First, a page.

Tooth resorption in cats
Evaluation and treatment of these all-too-common oral defects
Oral disease in cats comprises four major conditions: periodontal disease, oral neoplasia (particularly squamous cell carcinoma), feline stomatitis and tooth resorption. Previously referred to by several terms—and recently including cervical line lesions, resorptive lesions and feline odontoclastic resorptive lesions (FORLs)—tooth resorption is likely the most common significant oral condition affecting feline patients.
The combined gross and radiographic occurrence of tooth resorption in random populations of clinically healthy cats ranges from 29 to 38 percent.1-4 The number presenting to veterinary facilities primarily for dental disease is as much as twice as high.5,6
Many gross lesions are small and not readily detectable by awake oral examination alone. Magnification, immobilization and lighting generally provide a thorough gross evaluation but will not uncover tooth resorption below the level of the marginal bone. Therefore, dental radiography is paramount in establishing an adequate diagnosis.
One of the most useful clinical classifications of tooth resorption to date is based on the gross and radiographic description of the lesions by type. Treatment is solely dependent on this type of classification, so, again, dental radiography is essential in making a final determination.
Grossly, Type 1 tooth resorption is characterized by gingivitis and periodontitis generally initiated at the junction between the cementum and the enamel. The origin is thought to be inflammatory. Cavitation defects are seen in the crown, with inflamed gingival tissue often covering the defect (Photo 1). Radiographically, these teeth have variations in density in the crown or root. A distinct periodontal ligament space is generally appreciated (Photo 2). Type 1 and Type 2 tooth resorption may be observed concurrently in individual roots of a single tooth (Photo 3). Therefore, diagnostic evaluation of each root is important to determine how each should be approached therapeutically.
Type 2 (Photos 2 and 3) tooth resorption is generally thought to start at the apical half of the root. Crown involvement is generally not noted until late in the resorption process. The hallmark of Type 2 resorption is the lack of radiographic evidence of a periodontal ligament space surrounding the root.
Tooth roots classified as undergoing Type 1 resorption require the removal of the entire tooth root and crown by using traditional extraction techniques (Photo 4). Tooth roots for which no periodontal ligament space is readily detected and where no periodontal bone destruction or periapical lucencies exist may be treated by crown amputation and intentional root retention. In these cases, a conservative periodontal flap exposes the marginal extent of the tooth (Photo 5), and a round carbide or diamond bur on a water-cooled, high-speed handpiece is used to remove the crown and contour the bone (Photo 6) before closure with 5-0 absorbable suture (Photo 7).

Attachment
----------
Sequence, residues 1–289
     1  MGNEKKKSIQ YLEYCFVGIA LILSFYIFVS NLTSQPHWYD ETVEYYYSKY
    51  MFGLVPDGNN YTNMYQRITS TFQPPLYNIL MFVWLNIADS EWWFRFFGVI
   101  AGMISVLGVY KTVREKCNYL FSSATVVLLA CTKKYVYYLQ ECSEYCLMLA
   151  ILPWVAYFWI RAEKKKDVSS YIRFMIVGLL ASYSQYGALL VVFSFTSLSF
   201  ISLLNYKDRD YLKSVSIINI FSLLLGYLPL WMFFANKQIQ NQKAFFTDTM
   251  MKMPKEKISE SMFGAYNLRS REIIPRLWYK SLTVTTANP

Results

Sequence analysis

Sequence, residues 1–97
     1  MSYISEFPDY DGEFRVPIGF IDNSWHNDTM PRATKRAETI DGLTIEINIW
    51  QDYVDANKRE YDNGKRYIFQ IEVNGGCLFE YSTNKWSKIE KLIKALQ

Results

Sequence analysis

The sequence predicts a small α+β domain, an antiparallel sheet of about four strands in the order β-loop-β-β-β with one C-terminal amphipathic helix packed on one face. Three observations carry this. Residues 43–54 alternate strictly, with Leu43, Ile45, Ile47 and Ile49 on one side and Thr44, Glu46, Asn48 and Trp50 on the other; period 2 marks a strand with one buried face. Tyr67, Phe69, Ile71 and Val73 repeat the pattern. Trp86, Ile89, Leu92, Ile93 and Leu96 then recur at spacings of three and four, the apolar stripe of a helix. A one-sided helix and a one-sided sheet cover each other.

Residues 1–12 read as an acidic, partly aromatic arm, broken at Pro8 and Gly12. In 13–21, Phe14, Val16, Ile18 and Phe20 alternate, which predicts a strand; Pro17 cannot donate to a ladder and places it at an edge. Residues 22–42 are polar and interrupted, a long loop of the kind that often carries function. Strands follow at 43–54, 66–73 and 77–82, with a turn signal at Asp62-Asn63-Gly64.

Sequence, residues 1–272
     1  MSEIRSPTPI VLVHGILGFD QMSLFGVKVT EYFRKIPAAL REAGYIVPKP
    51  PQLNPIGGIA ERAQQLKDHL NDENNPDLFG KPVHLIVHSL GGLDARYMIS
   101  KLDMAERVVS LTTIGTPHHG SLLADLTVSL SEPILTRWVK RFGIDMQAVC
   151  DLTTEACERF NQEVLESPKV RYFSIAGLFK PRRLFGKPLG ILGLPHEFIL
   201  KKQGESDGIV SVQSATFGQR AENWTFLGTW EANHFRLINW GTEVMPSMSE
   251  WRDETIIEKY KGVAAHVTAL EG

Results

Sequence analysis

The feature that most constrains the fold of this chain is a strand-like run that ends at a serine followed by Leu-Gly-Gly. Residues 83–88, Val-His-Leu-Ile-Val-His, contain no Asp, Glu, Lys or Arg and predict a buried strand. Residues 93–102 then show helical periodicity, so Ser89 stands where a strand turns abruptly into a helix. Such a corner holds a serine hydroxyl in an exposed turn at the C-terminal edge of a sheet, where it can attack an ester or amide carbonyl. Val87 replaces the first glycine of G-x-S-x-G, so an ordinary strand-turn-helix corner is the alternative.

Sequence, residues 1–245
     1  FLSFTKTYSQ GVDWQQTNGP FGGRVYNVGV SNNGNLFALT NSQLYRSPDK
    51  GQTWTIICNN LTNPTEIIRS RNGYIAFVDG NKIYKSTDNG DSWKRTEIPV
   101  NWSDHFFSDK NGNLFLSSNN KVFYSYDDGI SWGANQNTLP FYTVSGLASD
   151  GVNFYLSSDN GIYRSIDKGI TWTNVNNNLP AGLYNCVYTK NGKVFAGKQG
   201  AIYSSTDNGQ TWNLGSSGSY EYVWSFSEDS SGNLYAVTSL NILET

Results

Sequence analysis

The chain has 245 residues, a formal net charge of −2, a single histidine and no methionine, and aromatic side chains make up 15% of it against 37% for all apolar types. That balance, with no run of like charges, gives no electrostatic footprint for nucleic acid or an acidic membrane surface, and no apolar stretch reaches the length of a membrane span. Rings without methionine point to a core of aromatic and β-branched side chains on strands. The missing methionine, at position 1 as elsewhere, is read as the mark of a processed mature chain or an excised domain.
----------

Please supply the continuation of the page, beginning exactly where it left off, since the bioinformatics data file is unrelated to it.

Exceptions exist for these generalizations regarding Type 2 lesions. Some roots may require partial extractions (more significant root remnant removal) if the periodontal ligament space is minimally detectable radiographically or abnormal tissue exists grossly upon exposure (consider biopsy in this instance). This includes friable tooth remnants. If there’s a bleeding pulp, the entire root should be removed.
Research and prevention
Although causes have not been determined for tooth resorption in general, one study suggests that cats with tooth resorption have significantly higher serum concentrations of 25-hydroxyvitamin D than cats do without tooth resorption.7 These researchers also found that 41 percent of canned cat foods have in excess of 30 times the vitamin D requirements of cats.8 Feeding diets that meet but don’t exceed the 250 IU/kg dry weight equivalent may prove to be a key to preventing tooth resorption. It’s also generally thought that Type 1 resorption is of inflammatory origin, so good oral hygiene may be key to preventing this form of resorption.
The importance of dental radiography cannot be overstated but neither can the physical observation of the tooth root upon exposure. Consequently, veterinary practices that don’t have dental radiography and adequate surgical magnification shouldn’t be treating cats with tooth resorption. Either obtaining the proper equipment and training or referring to a specialist are the only feasible options for evaluating and treating these patients. Congratulations if your practice is effectively evaluating and treating these important feline oral defects.
1. Lund EM, Bohacek LK, Dahlke JL, et al. Prevalence and risk factors for odontoclastic resorptive lesions in cats. J Am Vet Med Assoc 1998;212(3):392-395.
2. Ingham KE, Gorrel C, Blackburn J, et al. Prevalence of odontoclastic resorptive lesions in a population of clinically healthy cats. J Small Anim Pract 2001;42(9):439-443.
3. Pettersson A, Mannerfelt T. Prevalence of dental resorptive lesions in Swedish cats. J Vet Dent 2003;20(3):140-142.
4. Girard N, Servet E, Biourge V, et al. Feline tooth resorption in a colony of 109 cats. J Vet Dent 2008;25(3):166-174.
5. van Wessum R, Harvey CE, Hennet P. Feline dental resorptive lesions. Prevalence patterns. Vet Clin North Am Small Anim Pract 1992;22(6):1405-1416.
6. Lommer MJ, Verstraete FJ. Prevalence of odontoclastic resorption lesions and periapical radiographic lucencies in cats: 265 cases (1995-1998). J Am Vet Med Assoc 2000;217(12):1866-1869.
7. Reiter AM, Lyon KF, Nachreiner RF. Evaluation of calciotropic hormones in cats with odontoclastic resorptive lesions. Am J Vet Res 2005;66(8):1446-1452.
8. Gawor JP, Reiter AM, Jodkowska K, et al. Influence of diet on oral health in cats and dogs. J Nutr 2006;136(7 Suppl):2021S-2023S.